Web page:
Regarding their interests in joining labor organizations such as unions, the majority of respondents (88%) show their interest while only a minority (12%) are not interested. Among the interested respondents, nevertheless, 15% are already affiliated with a group. Despite the high number of platform workers interested in labor unions, most of the respondents (72%) say that they still face some challenges.
Among the challenges faced by individuals, 15% of respondents need organizational and educational support: 11% want more information on relevant laws and regulations, and 4% say that there is no local organization or strong leaders. Around the same amount (15%) are concerned about security reasons: fears of company retaliation (5%), government persecution (5%), and preference for anonymity (5%). The majority of hesitant groups (38%) claim economic reasons: around one-fourth (26%) say that they are interested but their priority is making a living while the rest (12%) have no free time. A small number (5%) mention personal obstacles such as disapproval from spouses or family members.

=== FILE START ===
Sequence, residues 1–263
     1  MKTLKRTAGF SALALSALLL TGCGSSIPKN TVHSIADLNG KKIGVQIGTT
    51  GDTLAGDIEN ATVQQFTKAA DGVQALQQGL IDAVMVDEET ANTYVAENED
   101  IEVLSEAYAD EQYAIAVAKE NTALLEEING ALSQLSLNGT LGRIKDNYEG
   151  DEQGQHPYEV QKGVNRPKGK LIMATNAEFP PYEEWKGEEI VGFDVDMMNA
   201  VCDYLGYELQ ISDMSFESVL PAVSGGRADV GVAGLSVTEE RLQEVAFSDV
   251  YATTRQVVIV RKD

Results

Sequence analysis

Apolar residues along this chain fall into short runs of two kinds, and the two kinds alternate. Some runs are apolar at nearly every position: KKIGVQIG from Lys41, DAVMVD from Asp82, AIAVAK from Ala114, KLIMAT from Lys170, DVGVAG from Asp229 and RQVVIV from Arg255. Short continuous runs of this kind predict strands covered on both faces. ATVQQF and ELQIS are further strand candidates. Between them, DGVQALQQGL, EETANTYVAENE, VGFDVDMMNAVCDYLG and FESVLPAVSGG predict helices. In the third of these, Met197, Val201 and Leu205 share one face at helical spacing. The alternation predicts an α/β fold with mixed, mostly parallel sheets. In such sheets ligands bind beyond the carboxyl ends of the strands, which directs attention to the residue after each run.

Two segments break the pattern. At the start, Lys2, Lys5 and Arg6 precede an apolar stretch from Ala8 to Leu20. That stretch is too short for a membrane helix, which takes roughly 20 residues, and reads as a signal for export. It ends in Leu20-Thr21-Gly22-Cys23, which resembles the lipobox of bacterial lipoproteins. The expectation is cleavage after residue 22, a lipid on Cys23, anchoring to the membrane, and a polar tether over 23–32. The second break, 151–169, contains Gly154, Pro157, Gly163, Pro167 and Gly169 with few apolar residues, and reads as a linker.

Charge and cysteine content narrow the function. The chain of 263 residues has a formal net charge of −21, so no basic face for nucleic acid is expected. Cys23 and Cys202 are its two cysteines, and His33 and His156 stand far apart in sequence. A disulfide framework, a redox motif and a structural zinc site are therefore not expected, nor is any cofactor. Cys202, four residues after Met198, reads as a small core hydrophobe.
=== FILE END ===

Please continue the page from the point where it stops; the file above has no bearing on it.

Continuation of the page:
Coming back to the exit-voice-loyalty framework, our findings help elucidate that many workers who appear to take loyalty (i.e. trusting in companies and passively waiting for situations to resolve themselves) and neglect (i.e. acting as if there is no point in taking action) options do have specific reasons behind their hesitancy and fears. Moreover, the findings point to directions that trade unions and labor rights advocates could potentially take to facilitate more workers’ participation or lessen their hesitancy.
The finding on individuals’ challenges echoes workers’ responses concerning organizational challenges. Among the list of seven organizational obstacles provided, the challenges that respondents deem most important are lack of strong leadership (59%), lack of support from fellow workers for fear of retaliation (58%), lack of organizational resources (57%), and lack of time for member (56%) as well as state prosecution (56%).